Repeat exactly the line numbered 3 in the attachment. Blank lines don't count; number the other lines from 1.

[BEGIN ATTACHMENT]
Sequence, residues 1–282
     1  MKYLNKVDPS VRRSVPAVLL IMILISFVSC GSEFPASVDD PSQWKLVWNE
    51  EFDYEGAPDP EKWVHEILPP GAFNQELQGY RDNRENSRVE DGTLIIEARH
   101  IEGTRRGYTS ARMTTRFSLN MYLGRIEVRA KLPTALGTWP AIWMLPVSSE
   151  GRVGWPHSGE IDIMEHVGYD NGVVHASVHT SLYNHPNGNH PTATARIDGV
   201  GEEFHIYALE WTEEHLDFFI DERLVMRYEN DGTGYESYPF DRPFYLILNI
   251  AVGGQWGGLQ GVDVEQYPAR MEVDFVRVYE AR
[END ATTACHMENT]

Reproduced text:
    51  EFDYEGAPDP EKWVHEILPP GAFNQELQGY RDNRENSRVE DGTLIIEARH